Wednesday, December 15, 2010

ART Event

During art week I attended the faculty throw down. I was not sure what type of questions to expect because I am a freshman and did not attend it last year. Also, as a biology major, I was not sure how much I would enjoy the event because I knew that the questions would be art related which is not an area that I am strong in. I was pleasantly surprised about the event, I thought the event would be fun, but I did not think that I would find the type of questions interesting.

This event was interesting because there was a discussion and debate of current topics in art with art professors at the school. Having the debater’s working in the field of art, they brought a unique perspective to the debate. There was a wide range of questions, but the final question was the most memorable. The last question was “to pick a work of art that you think had the most substantial influence on society in the last 10 years.” The first professor selected a traditional piece of art, which is what I expected and explained why they thought this work of art was important. When Mr. Caldwell gave his answer, I was taken by surprise. Mr. Caldwell selected Stephan Colbert as the most influential piece of art work in the last 10 years. I was expecting a major photograph but instead he selected a prominent figure in the media. Mr. Caldwell described art in a new way that never occurred to me. He described how Colbert gathered such a huge following through the media. Through this following, Colbert has the power to change viewers’ opinions on popular topics. I had never thought that art could be the way a person uses the media to influence people. To me this showed me how art can be seen in almost everything, depending on the viewer. I would recommend that people come to this event next year because it was fun and interesting.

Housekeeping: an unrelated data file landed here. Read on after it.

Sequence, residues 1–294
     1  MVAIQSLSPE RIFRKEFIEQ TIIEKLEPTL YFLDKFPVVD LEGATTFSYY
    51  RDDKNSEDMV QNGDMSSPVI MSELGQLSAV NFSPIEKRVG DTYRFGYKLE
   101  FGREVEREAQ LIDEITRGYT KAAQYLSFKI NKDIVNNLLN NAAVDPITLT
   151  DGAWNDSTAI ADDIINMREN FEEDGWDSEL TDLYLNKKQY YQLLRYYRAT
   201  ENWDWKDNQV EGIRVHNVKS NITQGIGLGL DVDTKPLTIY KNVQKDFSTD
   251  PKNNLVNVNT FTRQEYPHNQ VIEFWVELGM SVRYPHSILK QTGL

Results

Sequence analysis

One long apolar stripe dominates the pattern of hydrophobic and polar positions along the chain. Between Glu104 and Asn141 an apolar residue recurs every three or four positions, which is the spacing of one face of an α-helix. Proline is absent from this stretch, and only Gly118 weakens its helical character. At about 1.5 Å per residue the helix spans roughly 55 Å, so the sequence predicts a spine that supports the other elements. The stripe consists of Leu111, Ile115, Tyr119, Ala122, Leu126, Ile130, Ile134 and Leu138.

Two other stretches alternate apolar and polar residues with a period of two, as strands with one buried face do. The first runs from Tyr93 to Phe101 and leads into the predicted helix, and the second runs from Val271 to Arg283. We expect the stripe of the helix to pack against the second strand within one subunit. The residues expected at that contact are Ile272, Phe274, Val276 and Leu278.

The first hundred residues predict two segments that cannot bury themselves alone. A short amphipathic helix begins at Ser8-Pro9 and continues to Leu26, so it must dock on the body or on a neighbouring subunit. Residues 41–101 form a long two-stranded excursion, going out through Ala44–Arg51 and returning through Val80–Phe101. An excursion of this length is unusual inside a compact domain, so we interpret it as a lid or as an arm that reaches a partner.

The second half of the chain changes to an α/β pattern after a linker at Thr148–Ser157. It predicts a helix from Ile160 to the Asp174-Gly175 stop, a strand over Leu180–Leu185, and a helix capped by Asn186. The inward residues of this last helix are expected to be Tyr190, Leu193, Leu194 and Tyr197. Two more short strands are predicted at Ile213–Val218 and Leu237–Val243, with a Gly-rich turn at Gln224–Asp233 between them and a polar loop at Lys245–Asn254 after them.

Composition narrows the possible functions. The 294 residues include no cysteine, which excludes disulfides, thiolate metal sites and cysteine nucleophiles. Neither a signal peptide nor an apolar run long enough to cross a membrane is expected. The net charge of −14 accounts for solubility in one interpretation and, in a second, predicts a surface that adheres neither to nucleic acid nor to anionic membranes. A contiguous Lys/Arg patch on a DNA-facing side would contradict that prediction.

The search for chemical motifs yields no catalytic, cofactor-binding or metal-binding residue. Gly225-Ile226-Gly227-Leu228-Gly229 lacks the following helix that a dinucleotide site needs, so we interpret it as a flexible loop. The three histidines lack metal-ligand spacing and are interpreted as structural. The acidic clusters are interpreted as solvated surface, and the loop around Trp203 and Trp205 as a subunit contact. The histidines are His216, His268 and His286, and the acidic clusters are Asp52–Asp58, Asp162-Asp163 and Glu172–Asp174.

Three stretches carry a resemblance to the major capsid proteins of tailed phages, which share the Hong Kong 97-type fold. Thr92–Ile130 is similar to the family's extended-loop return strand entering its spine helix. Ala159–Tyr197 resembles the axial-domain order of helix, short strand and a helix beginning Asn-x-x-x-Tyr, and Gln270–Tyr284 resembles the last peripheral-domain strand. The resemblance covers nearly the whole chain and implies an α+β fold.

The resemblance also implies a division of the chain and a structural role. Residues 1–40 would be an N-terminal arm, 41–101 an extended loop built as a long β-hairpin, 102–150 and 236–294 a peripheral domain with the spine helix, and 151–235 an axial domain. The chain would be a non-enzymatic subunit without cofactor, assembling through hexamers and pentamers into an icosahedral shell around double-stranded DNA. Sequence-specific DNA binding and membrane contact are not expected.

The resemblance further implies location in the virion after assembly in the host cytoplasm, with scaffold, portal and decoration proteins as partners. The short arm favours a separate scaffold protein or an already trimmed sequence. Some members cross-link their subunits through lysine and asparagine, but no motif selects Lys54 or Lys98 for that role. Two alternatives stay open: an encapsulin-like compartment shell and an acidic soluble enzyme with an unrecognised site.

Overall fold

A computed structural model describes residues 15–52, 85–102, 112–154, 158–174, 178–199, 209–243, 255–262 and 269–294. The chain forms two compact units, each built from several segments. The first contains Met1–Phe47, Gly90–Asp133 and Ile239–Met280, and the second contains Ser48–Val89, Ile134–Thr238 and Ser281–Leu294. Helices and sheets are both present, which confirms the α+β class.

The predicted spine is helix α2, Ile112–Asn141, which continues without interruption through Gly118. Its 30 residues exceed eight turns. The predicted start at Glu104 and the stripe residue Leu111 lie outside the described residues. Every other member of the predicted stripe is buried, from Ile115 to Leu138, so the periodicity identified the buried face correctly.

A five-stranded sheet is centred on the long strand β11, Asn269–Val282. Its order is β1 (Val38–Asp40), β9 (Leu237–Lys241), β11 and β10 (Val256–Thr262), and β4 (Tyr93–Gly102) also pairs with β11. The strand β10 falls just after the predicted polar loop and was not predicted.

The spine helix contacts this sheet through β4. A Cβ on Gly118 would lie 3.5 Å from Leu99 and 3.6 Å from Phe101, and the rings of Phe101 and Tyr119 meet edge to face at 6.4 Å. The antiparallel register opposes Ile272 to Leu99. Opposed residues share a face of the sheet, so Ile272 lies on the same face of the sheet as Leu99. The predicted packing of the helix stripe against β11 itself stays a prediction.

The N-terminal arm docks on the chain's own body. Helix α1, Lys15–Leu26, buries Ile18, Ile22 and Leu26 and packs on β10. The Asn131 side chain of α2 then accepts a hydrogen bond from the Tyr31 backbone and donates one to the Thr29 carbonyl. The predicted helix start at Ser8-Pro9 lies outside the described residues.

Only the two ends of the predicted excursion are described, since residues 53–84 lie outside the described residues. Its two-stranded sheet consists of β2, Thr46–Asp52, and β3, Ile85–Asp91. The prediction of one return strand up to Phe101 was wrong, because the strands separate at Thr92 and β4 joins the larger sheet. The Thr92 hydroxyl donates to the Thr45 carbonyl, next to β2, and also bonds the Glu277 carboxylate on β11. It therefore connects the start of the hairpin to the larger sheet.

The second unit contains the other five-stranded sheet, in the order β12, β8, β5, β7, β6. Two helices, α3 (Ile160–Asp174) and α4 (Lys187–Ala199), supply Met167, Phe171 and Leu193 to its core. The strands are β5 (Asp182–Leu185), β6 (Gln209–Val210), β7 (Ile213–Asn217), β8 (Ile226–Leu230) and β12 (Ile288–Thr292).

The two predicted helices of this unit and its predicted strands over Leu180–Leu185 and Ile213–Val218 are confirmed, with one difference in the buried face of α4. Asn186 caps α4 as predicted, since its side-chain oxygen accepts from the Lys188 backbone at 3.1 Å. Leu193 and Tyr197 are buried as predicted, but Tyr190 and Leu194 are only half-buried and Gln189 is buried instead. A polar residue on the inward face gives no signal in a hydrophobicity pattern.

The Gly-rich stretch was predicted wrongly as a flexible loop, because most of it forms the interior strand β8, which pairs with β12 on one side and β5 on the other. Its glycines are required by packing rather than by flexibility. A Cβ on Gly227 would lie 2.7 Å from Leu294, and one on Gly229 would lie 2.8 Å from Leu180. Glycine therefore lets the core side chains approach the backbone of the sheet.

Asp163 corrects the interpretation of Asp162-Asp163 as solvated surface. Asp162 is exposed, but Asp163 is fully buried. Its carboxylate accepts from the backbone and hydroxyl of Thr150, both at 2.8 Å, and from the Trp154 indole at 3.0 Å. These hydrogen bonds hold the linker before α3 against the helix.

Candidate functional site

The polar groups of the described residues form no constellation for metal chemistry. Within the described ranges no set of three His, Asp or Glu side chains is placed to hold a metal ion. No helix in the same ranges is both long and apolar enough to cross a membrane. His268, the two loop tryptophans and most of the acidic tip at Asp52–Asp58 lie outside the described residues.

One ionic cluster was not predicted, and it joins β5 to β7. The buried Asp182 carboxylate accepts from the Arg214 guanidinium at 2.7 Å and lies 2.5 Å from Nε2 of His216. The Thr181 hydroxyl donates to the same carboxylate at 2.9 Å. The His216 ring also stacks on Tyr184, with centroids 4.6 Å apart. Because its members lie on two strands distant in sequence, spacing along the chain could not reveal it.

Tuesday, December 14, 2010

Karley Klopfenstein art exhibit

I attended the Karley Klopfenstein art exhibition in the Boyden Gallery on its grand opening on October 25. I had heard that she had created sculptures out of fabric and had seen the various knitted creations hung around Montgomery hall adorning the doors, lights, and sculptures throughout the building. I went into this thinking that it would be a very whimsical and feminine exhibit, and in part it was, but I certainly didn’t expect to see a lot of the art creations in the exhibition. True to my expectations, all of the works of art were created out of fabric of some sort, whether that be a textile, carpeting, or yarn, and yes without a doubt she is extremely talented with this medium (I could hardly tell several of the sculptures were even made of fabric until I closely analyzed them).